DISRAELI GEARS

Prével d’Arlay

Prevel d'Arlay P. d'A derailleur main image Prevel d'Arlay P. d'A derailleur main image Prevel d'Arlay P. d'A derailleur main image

Louis-Francisque Prével d’Arlay was an early derailleur designer based in Lyon, France. In the style of John Fitzgerald Kennedy and Dominique Strauss-Kahn, Louis-Francisque Prével d’Arlay seemed to like to reduce his name to mere initials: P. d’A.

As far as I am aware he produced two different derailleur designs, both of which used a pulley cage with two pulley wheels and incorporated his patent design for the springs that maintained chain tension (see French patent # 382602 addition # 9,875).

The first design used a lever on the top tube of the bicycle frame that rotated a long rod that ran down to a derailleur mounted on the chainstay. The derailleur end of the rod was bent in a short ‘L’ shape. As the rod was rotated the right-angled section of the ‘L’ pushed the pulley cage in and out, changing the gear. This device was initially constructed by M. Prével d’Arlay, but later it was manufactured by an engineering company called Proust & Duvoy who were also based in Lyon. Frank Berto claims that it was supplied with a three speed freewheel with 18, 24 and 36 tooth cogs.

Paul de Vivie (Vélocio) writes in the T.C.F revue Mensuelle of March 1913 that this, rod operated, derailleur appeared in 1908. It can therefore claim to be one of the first designs that changed gear using the combination a static multiple freewheel and a moving pulley cage with two pulley wheels. These are essential features of all modern derailleur systems.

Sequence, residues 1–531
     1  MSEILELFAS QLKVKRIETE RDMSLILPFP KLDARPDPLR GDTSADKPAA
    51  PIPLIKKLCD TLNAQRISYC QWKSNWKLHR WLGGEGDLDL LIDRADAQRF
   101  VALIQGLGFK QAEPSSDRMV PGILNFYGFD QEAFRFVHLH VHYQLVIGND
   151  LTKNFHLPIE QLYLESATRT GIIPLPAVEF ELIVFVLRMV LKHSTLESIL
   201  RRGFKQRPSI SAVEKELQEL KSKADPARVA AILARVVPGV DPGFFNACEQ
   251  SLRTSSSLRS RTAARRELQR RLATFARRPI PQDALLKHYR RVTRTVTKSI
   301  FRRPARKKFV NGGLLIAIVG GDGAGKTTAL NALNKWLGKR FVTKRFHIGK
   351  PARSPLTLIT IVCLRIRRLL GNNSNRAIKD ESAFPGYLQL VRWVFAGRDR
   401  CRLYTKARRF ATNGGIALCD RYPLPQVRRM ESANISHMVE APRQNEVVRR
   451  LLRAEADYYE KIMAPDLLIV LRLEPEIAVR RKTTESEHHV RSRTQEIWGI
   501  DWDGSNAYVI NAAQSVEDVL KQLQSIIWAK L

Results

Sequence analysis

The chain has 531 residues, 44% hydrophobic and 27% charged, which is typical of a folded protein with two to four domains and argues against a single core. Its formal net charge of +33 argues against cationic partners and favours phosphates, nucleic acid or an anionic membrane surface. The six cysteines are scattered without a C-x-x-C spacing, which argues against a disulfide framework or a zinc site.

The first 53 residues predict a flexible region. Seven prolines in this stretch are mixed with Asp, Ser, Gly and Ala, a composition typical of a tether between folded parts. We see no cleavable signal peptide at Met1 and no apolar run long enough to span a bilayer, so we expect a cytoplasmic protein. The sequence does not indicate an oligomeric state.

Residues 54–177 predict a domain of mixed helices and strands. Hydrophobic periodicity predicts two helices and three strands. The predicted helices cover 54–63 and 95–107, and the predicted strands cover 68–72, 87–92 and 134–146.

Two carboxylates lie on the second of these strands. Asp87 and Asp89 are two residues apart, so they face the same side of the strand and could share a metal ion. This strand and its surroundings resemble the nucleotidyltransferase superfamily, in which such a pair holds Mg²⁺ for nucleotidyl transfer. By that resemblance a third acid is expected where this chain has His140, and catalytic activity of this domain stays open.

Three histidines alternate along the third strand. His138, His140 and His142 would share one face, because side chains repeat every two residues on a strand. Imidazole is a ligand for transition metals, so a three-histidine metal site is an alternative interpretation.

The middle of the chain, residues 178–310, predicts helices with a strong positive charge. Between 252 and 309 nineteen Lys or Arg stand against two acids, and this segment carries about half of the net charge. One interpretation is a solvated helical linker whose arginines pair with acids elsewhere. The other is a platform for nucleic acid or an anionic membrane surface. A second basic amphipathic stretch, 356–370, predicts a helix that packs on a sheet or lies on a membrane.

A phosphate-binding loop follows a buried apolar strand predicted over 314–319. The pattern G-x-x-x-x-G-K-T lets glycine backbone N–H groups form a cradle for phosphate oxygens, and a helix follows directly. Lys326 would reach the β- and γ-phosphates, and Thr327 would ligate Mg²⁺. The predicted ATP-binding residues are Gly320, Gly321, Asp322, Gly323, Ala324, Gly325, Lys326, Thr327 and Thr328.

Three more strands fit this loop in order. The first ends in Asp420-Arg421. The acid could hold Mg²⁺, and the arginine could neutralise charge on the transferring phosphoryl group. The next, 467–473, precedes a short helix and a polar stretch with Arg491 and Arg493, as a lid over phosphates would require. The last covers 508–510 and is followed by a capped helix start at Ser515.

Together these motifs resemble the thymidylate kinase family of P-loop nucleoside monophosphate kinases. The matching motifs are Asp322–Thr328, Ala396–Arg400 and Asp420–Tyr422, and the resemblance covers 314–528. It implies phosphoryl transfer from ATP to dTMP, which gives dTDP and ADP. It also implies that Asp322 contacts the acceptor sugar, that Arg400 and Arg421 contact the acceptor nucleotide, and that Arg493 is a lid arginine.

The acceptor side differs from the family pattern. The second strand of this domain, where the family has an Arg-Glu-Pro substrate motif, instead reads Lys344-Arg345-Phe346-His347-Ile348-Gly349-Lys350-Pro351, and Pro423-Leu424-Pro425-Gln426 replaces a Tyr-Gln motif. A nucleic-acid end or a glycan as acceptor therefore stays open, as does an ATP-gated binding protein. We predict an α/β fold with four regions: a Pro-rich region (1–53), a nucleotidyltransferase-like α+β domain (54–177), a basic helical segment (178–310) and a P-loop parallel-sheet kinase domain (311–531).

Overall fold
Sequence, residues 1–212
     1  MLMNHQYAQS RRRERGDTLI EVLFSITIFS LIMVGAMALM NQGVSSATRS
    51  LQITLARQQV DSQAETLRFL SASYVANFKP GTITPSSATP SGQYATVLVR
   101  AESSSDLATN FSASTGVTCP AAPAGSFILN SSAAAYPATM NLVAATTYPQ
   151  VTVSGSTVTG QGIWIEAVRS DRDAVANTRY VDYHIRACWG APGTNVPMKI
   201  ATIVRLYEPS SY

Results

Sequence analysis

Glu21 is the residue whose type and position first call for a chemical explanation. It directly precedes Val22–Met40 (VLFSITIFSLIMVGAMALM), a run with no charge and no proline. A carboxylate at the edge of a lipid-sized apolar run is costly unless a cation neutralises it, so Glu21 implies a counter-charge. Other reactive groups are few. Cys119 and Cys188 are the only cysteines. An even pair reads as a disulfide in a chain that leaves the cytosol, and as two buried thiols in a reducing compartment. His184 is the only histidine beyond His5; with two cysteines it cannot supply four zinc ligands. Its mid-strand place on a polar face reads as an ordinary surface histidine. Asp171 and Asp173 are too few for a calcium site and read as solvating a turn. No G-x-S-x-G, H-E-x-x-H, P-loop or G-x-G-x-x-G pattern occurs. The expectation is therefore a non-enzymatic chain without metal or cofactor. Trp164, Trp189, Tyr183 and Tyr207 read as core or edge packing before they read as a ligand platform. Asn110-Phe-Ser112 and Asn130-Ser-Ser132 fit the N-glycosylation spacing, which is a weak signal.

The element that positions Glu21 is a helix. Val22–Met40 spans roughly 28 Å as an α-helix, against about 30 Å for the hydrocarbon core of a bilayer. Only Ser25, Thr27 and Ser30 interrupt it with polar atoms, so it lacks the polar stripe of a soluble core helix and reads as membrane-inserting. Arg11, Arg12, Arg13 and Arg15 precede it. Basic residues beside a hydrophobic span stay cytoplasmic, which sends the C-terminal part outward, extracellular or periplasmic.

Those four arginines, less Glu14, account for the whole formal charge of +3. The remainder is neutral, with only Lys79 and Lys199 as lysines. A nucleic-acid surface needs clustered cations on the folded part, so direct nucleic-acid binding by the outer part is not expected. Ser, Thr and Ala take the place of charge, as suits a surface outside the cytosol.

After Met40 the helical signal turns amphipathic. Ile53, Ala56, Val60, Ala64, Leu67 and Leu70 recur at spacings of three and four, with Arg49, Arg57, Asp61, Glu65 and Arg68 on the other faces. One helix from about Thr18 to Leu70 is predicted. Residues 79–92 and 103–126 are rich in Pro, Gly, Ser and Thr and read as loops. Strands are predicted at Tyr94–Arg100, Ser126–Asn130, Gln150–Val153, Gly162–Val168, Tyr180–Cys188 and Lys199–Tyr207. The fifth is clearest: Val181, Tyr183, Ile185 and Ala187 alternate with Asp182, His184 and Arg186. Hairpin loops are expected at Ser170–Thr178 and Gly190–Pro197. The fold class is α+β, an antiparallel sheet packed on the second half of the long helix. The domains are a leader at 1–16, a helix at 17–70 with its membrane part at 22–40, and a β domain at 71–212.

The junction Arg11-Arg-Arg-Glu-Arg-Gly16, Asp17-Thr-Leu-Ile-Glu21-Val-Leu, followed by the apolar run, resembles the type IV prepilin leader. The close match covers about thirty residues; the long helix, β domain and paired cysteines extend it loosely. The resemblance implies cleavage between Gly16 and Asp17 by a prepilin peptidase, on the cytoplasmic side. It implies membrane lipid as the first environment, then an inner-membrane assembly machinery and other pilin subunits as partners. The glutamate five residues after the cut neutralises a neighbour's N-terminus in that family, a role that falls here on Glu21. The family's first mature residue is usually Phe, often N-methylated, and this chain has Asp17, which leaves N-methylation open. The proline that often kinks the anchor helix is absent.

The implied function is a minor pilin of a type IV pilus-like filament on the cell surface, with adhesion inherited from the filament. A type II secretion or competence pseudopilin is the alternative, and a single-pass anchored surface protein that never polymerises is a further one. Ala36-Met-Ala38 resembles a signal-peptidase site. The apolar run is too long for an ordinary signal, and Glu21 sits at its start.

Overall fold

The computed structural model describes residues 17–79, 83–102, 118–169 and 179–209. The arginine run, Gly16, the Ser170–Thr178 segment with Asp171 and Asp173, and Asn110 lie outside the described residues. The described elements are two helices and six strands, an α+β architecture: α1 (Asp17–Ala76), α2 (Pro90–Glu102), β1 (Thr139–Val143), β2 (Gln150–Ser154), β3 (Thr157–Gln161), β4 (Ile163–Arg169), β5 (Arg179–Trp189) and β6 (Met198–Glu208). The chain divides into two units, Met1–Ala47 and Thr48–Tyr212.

The second P. d’A design is more obscure - but was a later development that was cable operated. Frank Berto claims that this design is covered by a Belgian patent, but this has eluded me so far.

Frank Berto further claims that P. d’A derailleurs were produced up until the start of the First World War, that they were not a runaway commercial success, and that a disappointed Louis-Francisque Prével d’Arlay turned to archaeology and died in 1926. It’s not clear whether it was the disappointment or the archaeology that killed him.


see also French Patent # 382,602 1906

see also French Patent # 382,602 1906

French Patent 382,602 - Prevel d Arlay thumbnail



see also French Patent # 382,602 Addition # 9,875 1908

see also French Patent # 382,602 Addition # 9,875 1908

French Patent 382,602 Addition 9,875 - Prevel d Arlay thumbnail


see also Le Cycliste 1911 - Prével d’Arlay ad

see also Le Cycliste 1911 - Prével d’Arlay ad

Le Cycliste 1911 - Prevel d Arlay advert thumbnail


see also TCF Rev Mens 03/1913 - La Bicyclette hors du Salon

see also TCF Rev Mens 03/1913 - La Bicyclette hors du Salon

T.C.F. Revue Mensuelle March 1913 - La Bicyclette hors du Salon scan 1 thumbnail
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